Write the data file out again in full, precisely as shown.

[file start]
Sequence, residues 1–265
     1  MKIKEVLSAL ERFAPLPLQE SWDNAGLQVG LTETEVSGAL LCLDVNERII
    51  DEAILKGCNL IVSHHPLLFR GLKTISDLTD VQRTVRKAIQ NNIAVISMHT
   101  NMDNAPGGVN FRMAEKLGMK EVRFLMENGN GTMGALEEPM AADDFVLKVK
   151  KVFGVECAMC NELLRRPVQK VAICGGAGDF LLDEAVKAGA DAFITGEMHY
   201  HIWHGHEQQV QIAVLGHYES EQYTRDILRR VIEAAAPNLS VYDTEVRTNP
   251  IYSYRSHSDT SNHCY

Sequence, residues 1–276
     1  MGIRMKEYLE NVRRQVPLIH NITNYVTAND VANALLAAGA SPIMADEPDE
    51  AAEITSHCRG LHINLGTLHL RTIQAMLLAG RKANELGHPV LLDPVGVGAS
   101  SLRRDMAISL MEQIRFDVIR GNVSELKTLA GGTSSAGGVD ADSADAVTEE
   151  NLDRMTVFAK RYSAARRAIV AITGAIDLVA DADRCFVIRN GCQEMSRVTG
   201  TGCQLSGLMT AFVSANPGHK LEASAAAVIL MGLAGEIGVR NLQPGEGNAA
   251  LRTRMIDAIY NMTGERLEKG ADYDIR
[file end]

Sequence, residues 1–265
     1  MKIKEVLSAL ERFAPLPLQE SWDNAGLQVG LTETEVSGAL LCLDVNERII
    51  DEAILKGCNL IVSHHPLLFR GLKTISDLTD VQRTVRKAIQ NNIAVISMHT
   101  NMDNAPGGVN FRMAEKLGMK EVRFLMENGN GTMGALEEPM AADDFVLKVK
   151  KVFGVECAMC NELLRRPVQK VAICGGAGDF LLDEAVKAGA DAFITGEMHY
   201  HIWHGHEQQV QIAVLGHYES EQYTRDILRR VIEAAAPNLS VYDTEVRTNP
   251  IYSYRSHSDT SNHCY

Sequence, residues 1–276
     1  MGIRMKEYLE NVRRQVPLIH NITNYVTAND VANALLAAGA SPIMADEPDE
    51  AAEITSHCRG LHINLGTLHL RTIQAMLLAG RKANELGHPV LLDPVGVGAS
   101  SLRRDMAISL MEQIRFDVIR GNVSELKTLA GGTSSAGGVD ADSADAVTEE
   151  NLDRMTVFAK RYSAARRAIV AITGAIDLVA DADRCFVIRN GCQEMSRVTG
   201  TGCQLSGLMT AFVSANPGHK LEASAAAVIL MGLAGEIGVR NLQPGEGNAA
   251  LRTRMIDAIY NMTGERLEKG ADYDIR